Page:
That evening Hasan’s wife made stuffed vine leaves. Hasan was brooding. “One olive tree,” he muttered. “Oneolive tree, sitting in that man’s garden. I know God will one day hear my prayer and give me back my olive tree. I just pray it is before that man attacks our home!”“Oh no! Not that stupid olive tree again!” Groaned Hasan’s wife. “Stop complaining and eat your
.”“I know what that man is thinking!” cried Nicolas to his wife as they sat down to eat.“He is sitting there and looking at my land and saying to himself ‘I shall have this Greek’s land!’”“Rubbish!” cried Nicolas’ wife. “Why would an old man sit and think such thoughts?”“Because he is a Turk!” shouted Nicolas earnestly. “That is how they think! They never change!” Nicolas’ wifesighed.“Be quiet and eat your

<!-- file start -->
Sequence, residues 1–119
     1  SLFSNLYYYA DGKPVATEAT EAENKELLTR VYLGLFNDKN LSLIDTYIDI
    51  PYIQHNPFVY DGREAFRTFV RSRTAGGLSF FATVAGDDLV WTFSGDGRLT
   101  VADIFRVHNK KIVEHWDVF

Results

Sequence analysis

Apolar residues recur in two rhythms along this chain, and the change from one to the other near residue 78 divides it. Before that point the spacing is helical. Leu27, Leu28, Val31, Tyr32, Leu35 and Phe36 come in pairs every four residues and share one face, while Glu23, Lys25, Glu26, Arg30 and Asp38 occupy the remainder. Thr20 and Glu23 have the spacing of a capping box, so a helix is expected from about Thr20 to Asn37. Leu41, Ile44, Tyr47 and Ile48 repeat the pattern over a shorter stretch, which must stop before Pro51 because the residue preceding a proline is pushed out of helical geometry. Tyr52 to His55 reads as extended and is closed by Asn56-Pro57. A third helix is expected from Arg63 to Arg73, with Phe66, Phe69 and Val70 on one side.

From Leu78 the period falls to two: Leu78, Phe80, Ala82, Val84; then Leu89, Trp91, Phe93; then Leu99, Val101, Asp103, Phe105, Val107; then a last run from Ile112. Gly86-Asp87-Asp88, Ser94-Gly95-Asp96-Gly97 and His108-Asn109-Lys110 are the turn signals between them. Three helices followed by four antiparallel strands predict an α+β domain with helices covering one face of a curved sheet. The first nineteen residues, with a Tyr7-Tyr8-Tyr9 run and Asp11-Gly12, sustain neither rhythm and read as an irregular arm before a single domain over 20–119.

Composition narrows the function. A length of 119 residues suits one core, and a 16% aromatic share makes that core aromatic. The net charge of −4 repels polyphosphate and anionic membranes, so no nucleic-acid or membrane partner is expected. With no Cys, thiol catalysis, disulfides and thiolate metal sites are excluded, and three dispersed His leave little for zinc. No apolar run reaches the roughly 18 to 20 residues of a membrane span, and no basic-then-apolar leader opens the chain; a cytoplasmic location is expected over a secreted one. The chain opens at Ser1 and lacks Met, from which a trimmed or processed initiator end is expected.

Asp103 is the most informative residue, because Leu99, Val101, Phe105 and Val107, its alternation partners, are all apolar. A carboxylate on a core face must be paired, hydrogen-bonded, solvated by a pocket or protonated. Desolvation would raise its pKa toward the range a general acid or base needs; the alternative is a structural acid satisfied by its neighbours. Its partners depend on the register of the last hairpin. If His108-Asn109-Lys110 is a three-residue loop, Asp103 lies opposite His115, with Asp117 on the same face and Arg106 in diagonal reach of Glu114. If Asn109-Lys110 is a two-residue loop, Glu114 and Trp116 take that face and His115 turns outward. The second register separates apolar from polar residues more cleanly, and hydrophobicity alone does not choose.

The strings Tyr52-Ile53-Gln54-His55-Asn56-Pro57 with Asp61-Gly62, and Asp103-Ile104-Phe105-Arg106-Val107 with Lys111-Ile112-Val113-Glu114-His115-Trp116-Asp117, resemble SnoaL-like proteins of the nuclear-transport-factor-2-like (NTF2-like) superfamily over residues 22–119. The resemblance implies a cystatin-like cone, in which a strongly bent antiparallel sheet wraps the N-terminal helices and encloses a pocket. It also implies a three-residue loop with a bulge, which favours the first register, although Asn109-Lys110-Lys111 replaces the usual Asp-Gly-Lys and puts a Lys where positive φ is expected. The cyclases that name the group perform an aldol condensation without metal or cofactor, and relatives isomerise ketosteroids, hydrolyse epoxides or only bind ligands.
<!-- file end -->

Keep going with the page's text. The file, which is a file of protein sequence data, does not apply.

,” she said setting down his plate of stuffed vine leaves.When Hasan’s wife woke up early the next morning Hasan was not in the house. She made the most of the day. It was days like these that made one appreciate the blessings of marriage. At noon Hasan returnednursing four little parcels. Without asking where lunch was he headed straight to the bottom of the garden. Hespent most of the afternoon there.Hasan stood up. He smiled. Before him, stood four delicate little olive trees. New and fresh, and full of hope. Hispride and joy. Compensation for the one he had lost to the Greeks. Suddenly he heard footsteps and voices.Hasan impulsively hid behind the shed. Nicolas appeared with his five-year-old grandson. They were talking.“Grandpa,” said the little boy. “May I eat an olive?”“Of course! Just run inside and ask your Grandma.”“No! Off the tree!” The little boy pointed to the lone olive tree standing near the house. Nicolas laughed.“You cannot eat olives straight off the tree my son. They are too bitter.”“Did you plant that olive tree Grandpa?”Hasan stiffened. He waited for the answer, his whole body tense.